Engineered bacteria produce spider silk proteins that can be spun into strong fibers. CHRISTOPHER BOWEN
As humanity ventures further and further into space, there will be an increasing demand for highly efficient technologies that can recycle onboard resources in order to produce essential supplies for long-term missions.
Now, a team of scientists has described a new technique that could potentially fulfil such a function, according to NASA-funded research presented today at the American Chemical Society's Spring 2019 National Meeting & Exposition.
Thanks to recent developments in the field of synthetic biology, the team, led by Fuzhong Zhang from Washington University in St. Louis, has found a way to engineer bacteria so that they can produce spider silk and other hard-to-manufacture proteins which could be useful in future space missions.
Spider silk is one of several protein-based substances that have evolved in nature, whose properties rival—and often surpass—even the most advanced man-made materials. Spider silk, for example, is pound for pound, stronger and tougher than steel. However, unlike steel, it cannot be produced on large scales, limiting its usefulness to humans.
"In nature, there are a lot of protein-based materials that have amazing mechanical properties, but the supply of these materials is very often limited," Zhang said in a statement. "My lab is interested in engineering microbes so that we can not only produce these materials, but make them even better."
If we were able to produce the material on a large-scale, it could be used in everything from surgical sutures to bullet-proof fabric. The problem is that individual spiders do no produce large quantities of it and keeping significant numbers of the animal together often results in cannibalism.
To get around this problem, various research groups have previously tried to add spider DNA to different surrogate organisms—such as bacteria, yeast and even goats—so that they can produce the silk themselves. But to date, the resulting material has never quite been a match for real spider-silk.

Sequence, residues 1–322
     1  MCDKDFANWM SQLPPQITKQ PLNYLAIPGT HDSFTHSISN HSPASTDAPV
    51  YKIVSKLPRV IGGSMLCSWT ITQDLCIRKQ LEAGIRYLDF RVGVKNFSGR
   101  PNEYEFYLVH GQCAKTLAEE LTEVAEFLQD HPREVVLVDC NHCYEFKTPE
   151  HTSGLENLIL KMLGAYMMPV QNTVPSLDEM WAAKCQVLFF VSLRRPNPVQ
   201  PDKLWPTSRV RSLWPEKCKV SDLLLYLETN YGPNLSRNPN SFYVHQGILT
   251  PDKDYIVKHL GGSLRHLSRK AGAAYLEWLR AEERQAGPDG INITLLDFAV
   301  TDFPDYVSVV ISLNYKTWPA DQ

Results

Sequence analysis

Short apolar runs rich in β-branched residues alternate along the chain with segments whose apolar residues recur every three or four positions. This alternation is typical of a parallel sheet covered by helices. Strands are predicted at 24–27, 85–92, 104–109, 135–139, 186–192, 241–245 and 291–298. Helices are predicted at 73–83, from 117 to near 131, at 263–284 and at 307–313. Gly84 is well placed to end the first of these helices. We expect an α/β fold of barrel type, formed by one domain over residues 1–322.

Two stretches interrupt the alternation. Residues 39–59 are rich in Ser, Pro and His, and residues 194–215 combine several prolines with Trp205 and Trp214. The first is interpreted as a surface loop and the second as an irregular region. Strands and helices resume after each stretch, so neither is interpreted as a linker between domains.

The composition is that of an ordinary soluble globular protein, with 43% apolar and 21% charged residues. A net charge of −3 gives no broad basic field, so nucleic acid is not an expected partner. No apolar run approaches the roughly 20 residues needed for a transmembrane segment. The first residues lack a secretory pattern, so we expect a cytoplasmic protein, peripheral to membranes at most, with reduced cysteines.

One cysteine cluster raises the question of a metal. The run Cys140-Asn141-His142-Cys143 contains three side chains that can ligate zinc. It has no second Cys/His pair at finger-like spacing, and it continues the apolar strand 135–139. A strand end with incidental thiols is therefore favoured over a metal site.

This is because the DNA responsible for producing spider-silk proteins is very unstable when placed into another organism due to the sequences being very long and repetitive. So Zhang and his team tried breaking up the long and repetitive DNA sequences into small chunks that could be inserted into bacteria. These bacteria were then able to produce small amounts of spider-silk protein that could then be spun into longer fibers using a special technique.
The material that the team created was very similar to natural spider-silk and displayed incredible strength, toughness and stretchability. Furthermore, they were able to produce as much as 2 grams of silk per liter of bacteria—a significant amount—and they hope to increase yields further.
The synthetic spider-silk could be particularly useful on future long-term space missions, according to Zhang. "NASA is one of our funders, and they are interested in bio-production," he said.
"They're currently developing technologies in which they can convert carbon dioxide into carbohydrates that could be used as food for the microbes that we're engineering. That way, astronauts could produce these protein-based materials in space without bringing a large amount of feedstocks."
Furthermore, the technique that the researchers developed can also be used to produce other protein-based materials which could be useful here on Earth. For example, they created a protein from mussels that sticks strongly to surfaces, even when underwater.